Overview

Named by Newsweek magazine to its list of "Fifty Books for Our Time."

For sixteen years William Whyte walked the streets of New York and other major cities. With a group of young observers, camera and notebook in hand, he conducted pioneering studies of street life, pedestrian behavior, and city dynamics. City: Rediscovering the Center is the result of that research, a ...

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City: Rediscovering the Center

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Overview

Named by Newsweek magazine to its list of "Fifty Books for Our Time."

For sixteen years William Whyte walked the streets of New York and other major cities. With a group of young observers, camera and notebook in hand, he conducted pioneering studies of street life, pedestrian behavior, and city dynamics. City: Rediscovering the Center is the result of that research, a humane, often amusing view of what is staggeringly obvious about the urban environment but seemingly invisible to those responsible for planning it.

Whyte uses time-lapse photography to chart the anatomy of metropolitan congestion. Why is traffic so badly distributed on city streets? Why do New Yorkers walk so fast—and jaywalk so incorrigibly? Why aren't there more collisions on the busiest walkways? Why do people who stop to talk gravitate to the center of the pedestrian traffic stream? Why do places designed primarily for security actually worsen it? Why are public restrooms disappearing? "The city is full of vexations," Whyte avers: "Steps too steep; doors too tough to open; ledges you cannot sit on. . . . It is difficult to design an urban space so maladroitly that people will not use it, but there are many such spaces." Yet Whyte finds encouragement in the widespread rediscovery of the city center. The future is not in the suburbs, he believes, but in that center. Like a Greek agora, the city must reassert its most ancient function as a place where people come together face-to-face.

The result of William Whyte's research is an extremely human, often amusing look at what goes on in our cities' streets. Illustrated.

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Editorial Reviews

From the Publisher
"Informal, spontaneous interactions give the modern city its vitality, so Whyte's enemies are urban planners who evince disregard and even contempt for street life. Part meditation, part design manual, this marvelously observant tour of cities will please anyone who cares about urban livability."—Publishers Weekly

"City punctures commonplace assumptions about urban life in virtually every chapter. . . . There is genuine brilliance here."—New York Times

"We who hug the city to us by instinct are grateful to Whyte for providing us with a hundred—a thousand—arguments for doing so."—New Yorker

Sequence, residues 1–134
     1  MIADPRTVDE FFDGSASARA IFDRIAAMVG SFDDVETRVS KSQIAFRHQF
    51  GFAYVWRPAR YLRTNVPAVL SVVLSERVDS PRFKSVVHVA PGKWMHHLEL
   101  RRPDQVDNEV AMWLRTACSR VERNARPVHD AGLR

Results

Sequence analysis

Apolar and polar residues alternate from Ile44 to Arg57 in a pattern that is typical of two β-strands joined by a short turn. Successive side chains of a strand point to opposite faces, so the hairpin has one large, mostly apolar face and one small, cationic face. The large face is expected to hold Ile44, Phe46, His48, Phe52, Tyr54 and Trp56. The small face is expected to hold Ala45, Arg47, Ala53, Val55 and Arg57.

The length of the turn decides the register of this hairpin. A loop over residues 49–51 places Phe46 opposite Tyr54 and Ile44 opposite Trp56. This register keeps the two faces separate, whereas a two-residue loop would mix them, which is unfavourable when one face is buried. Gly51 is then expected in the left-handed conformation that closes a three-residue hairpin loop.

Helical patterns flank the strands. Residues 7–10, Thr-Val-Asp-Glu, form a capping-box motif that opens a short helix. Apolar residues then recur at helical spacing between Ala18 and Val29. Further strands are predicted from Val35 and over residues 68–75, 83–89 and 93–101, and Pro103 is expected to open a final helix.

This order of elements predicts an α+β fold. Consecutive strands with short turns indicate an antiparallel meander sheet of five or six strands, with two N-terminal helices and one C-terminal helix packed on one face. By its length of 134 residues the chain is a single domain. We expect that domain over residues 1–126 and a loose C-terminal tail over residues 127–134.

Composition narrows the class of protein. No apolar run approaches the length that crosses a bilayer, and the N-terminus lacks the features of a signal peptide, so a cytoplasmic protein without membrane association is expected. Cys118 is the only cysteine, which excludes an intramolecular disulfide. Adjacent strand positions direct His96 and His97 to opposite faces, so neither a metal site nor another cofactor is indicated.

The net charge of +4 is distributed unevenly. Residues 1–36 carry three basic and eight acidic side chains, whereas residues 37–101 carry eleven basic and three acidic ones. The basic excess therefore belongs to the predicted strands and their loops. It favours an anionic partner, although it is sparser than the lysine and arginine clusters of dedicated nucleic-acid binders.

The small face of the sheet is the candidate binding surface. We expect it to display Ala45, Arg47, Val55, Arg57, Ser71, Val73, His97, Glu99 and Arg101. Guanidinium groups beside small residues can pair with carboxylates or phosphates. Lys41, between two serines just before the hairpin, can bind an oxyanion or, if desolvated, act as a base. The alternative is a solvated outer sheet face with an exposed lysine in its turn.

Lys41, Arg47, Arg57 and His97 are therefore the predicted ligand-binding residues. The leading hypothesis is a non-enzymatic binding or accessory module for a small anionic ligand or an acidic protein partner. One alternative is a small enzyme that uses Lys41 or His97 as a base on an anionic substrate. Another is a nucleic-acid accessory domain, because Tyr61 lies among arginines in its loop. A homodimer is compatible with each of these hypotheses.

"City is written in clear, straightforward, and vivid prose. . . . Whyte bubbles over with data. . . . He is an authentic visionary."—Los Angeles Times

"Whyte's Street Life Project studied the use of urban spaces for 16 years. This follow-up to The Social Life of Small Urban Spaces is an engaging look at the variety of human interactions which make 'downtown' vibrant. Whyte looks at such diverse topics as pedestrian movement, concourses and skyways, sunlight and its effects—all from the perspective of a confirmed city-lover. His observations and recommendations can be read with profit and pleasure by professional planners and readers interested in what makes a city tick."—Library Journal

Publishers Weekly - Publisher's Weekly
``Informal, spontaneous interactions give the modern city its vitality, so Whyte's The Organization Man enemies are urban planners who evince disregard and even contempt for street life. Part meditation, part design manual, this marvelously observant tour of cities will please anyone who cares about urban livability,'' lauded PW. Feb.
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Product Details

  • ISBN-13: 9780812208344
  • Publisher: University of Pennsylvania Press, Inc.
  • Publication date: 9/10/2012
  • Sold by: Barnes & Noble
  • Format: eBook
  • Pages: 408
  • File size: 6 MB

Meet the Author

William H. Whyte (1917-1999), author of the bestselling Organization Man, also available from the University of Pennsylvania Press, was born in Pennsylvania and educated at Princeton. Paco Underhill, founder, CEO, and president of Envirosell, is the author of Why We Buy: The Science of Shopping and Call of the Mall: The Geography of Shopping.
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Table of Contents

Foreword, by Paco Underhill

1. Introduction
2. The Social Life of the Street
3. Street People
4. The Skilled Pedestrian
5. The Physical Street
6. The Sensory Street
7. The Design of Spaces
8. Water, Wind, Trees, and Light
9. The Management of Spaces
10. The Undesirables
11. Carrying Capacity
12. Steps and Entrances
13. Concourses and Skyways
14. Megastructures
15. Blank Walls
16. The Rise and Fall of Incentive Zoning
17. Sun and Shadow
18. Bounce Light
19. Sun Easements
20. The Corporate Exodus
21. The Semi-Cities
22. How to Dullify Downtown
23. Tightening Up
24. The Case for Gentrification
25. Return to the Agora

Appendices
A. Digest of Open-Space Zoning Provisions in New York City
B. Mandating of Retailing at Street Level

Notes
Bibliography
Index
Acknowledgments

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